The Islamic extremists in Mali came to Issa Alzouma's cell and brought him out to the public square they had renamed Place de Shariah. They laid him out, tying down his arms and legs before amputating his right hand and forearm with a knife.
"I passed out from the pain," the 39-year-old father of three recalled, the stump, just below his elbow, still wrapped in gauze more than a month later. "The next thing I knew I was in the hospital."
Alzouma still carries the worn, folded piece of paper he was given upon his discharge from the hospital in December after five days there. Diagnosis: Amputation, it says.
The northern Malian town of Gao has been celebrating the departure of the Islamic radicals after nearly 10 months in power. But the French military intervention that caused the armed jihadists to flee came too late for Alzouma and the other men who lost their hands and probably their livelihoods, too, when the militants carried out amputations as punishments for theft and other alleged crimes under their strict interpretation of Shariah, or Islamic law.
Alzouma, the last prisoner in Gao whose hand was chopped off, doesn't know how he will support his wife and three children. He used to dig for gravel for a living.
"Even for men with two hands, there is no work to be found," he says, sitting on a mat inside his thatched hut in a sand-blanketed neighborhood of Gao as children outside played, tossing a foam sandal around as a toy.
When the Islamic extremists first took over Gao last April, Alzouma says they talked about Islam and the importance of being a good Muslim. Only later, he says, did they start imposing their strict rule.
At first, they told people that cigarettes were bad and that they shouldn't smoke. Then women were told not to go out into the streets alone. Only later did they begin whipping those who went out in public without a veil. In total, they carried out nine amputations in Gao, residents say, and several others in the nearby town of Ansongo.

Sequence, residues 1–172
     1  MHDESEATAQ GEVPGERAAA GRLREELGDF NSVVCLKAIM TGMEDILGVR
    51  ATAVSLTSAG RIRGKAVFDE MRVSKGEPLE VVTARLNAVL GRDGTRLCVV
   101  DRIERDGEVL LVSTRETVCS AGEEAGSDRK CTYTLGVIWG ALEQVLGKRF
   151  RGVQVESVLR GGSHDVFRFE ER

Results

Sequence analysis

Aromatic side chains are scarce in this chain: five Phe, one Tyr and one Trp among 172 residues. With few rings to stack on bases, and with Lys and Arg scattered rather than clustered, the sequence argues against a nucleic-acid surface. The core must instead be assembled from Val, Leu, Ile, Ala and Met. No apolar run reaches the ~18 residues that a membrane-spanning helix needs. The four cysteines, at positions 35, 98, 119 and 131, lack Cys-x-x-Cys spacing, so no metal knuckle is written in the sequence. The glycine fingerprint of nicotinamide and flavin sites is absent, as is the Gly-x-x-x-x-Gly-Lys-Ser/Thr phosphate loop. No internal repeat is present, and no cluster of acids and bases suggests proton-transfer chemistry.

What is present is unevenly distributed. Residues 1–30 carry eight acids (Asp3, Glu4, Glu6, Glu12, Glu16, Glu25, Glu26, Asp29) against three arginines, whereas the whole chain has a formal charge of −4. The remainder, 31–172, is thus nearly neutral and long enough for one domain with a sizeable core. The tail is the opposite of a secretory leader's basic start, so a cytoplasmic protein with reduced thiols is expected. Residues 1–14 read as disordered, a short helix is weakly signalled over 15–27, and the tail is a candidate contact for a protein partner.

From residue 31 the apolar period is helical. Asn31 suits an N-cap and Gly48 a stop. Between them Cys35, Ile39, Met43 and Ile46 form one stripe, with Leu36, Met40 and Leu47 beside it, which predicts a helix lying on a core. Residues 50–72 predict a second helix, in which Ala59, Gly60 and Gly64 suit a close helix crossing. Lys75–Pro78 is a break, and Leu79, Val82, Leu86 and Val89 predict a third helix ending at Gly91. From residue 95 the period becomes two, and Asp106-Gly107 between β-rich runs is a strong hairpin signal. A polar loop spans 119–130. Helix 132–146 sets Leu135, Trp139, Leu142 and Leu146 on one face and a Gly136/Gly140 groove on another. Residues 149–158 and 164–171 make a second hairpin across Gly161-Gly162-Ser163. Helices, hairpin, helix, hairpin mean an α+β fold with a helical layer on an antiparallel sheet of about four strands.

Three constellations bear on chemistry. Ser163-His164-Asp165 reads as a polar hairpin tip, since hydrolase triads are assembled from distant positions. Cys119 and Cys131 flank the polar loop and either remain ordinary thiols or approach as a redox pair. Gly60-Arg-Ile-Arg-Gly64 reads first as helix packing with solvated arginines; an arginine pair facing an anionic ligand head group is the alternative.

In November, Alzouma was traveling by motorcycle between his home village and Gao when the jihadists arrested him and accused him of espionage. Alzouma denied it, and said he had been lingering on the road only because he was changing a faulty plug on his motorcycle's engine. Later, the extremists said witnesses had seen him breaking into a nearby store.
He says there was no trial. A neighbor later came by their home to tell his wife Fatimata that his hand had been cut off.
How would she explain to their 7-year-old son Ousmane why his father had no hand, she wanted to know. When they went to visit him in the hospital, Ousmane cried at the sight of his father's bandaged stump.
After his amputation, Alzouma bought his wife a veil with the donations they'd received. She only wore it once to the market, she says, before the French-led mission ousted the Islamic rebels. Today, she wraps her head in a teal-colored cloth and notes that she is pressed more than ever to leave the family's hut.
Tiny but resilient, Fatimata now bears the weight of responsibility for their family's future, packaging charcoal in plastic bags to sell for income. The jihadists wanted to keep women in the home but ironically the amputation has changed the dynamic of gender roles, with Fatimata now going out to work while he stays home recuperating and helping watch over the children. A teary 2-year-old Modibo clings to his side.
Alzouma cannot afford pain medication. He returns every 10 days to the hospital to have his dressing changed. He hopes that one day he can get a prosthesis that will give him back some functionality. He knows, though, he will not be able to dig gravel as he did before.
"Each day when I pray I ask God 'What can I do to survive? How can I support my family?'" he says.
The militants said they cut off his hand in accordance with Islamic law. Alzouma, though, says to subject him and his children to a life of poverty is not in accordance with his faith.
"They said they were Muslims, but they are not," he said. "They are criminals."